A stroke is a serious and life-threatening neurological condition. In layman’s terms, it is the occurrence of neurological disturbances affecting the rest of the body due to a clot or bleeds in the brain.
When treating a stroke, the most important factor is timely assistance. As every delayed minute kills 1.9 million neurons and during the first three days of a stroke, it steadily increases, with swelling around the affected area due to the necrosis of the brain cells. This swelling can cause pressure on the other areas of the brain, causing neurological and corresponding functional disruptions. The dead brain cells cannot be recovered, making it the doctor’s job to save as much of the brain cells as possible. If the patient is brought to the hospital within the first four and a half hours of the stroke, a specialised injection called tissue plasminogen activator (tPA) is administered to the patient. This is in case the stroke is caused by a clot in the brain, which can be verified through a CT scan and an MRI. tPA is designed to bust clots and additional medicine is given in the form of an infusion. After an hour of the administration of the same, another CT scan is conducted to ensure that the administering the medicine has not resulted in any bleeding. After this, the patient is shifted to the ICU and monitored for twenty-four hours.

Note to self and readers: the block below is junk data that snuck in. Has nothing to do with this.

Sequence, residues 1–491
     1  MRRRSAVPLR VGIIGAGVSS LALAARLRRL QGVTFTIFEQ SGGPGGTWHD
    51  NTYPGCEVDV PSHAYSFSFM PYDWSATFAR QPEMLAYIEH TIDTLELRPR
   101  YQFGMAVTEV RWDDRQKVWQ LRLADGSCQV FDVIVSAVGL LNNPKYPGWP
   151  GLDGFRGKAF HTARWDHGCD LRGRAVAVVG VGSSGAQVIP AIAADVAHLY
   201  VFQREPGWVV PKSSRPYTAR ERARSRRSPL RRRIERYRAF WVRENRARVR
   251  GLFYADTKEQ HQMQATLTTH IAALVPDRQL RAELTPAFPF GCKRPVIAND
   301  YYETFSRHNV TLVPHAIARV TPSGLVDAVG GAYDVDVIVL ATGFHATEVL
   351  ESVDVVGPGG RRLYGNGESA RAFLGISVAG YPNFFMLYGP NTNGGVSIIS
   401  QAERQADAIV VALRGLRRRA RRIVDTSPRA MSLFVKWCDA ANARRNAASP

Stroke management is a joint effort between the departments of neurology and neurosurgery. The assessment of the stroke, evaluation, performing of intravenous thrombolysis (in case of insufficient blood supply to the brain) is the role played by the neurologist. Ischemia and clot-induced strokes are handled by the neurologists which can be treated by non-surgical procedures. However, if the swelling of the stroke affected area increases, surgery may be required with a neurosurgeon’s involvement. Strokes caused by aneurysms and haemorrhaging would also require the intervention of a neurosurgeon.
Even though strokes cause nerve death and brain damage that is irreversible, the surrounding nerves can take over the functions of the dead nerves to some extent, as long as the stroke is treated as soon as possible. It is a recurring condition, with a recurrence rate of 20% for survivors who are on medication, which is a lifelong affair. However, for those who are not on medication have a recurrence chance of 50%, and may not be as lucky the second time. It is important to heed the neurologist’s advice when dealing with such a dangerous condition, particularly when it pertains to the brain.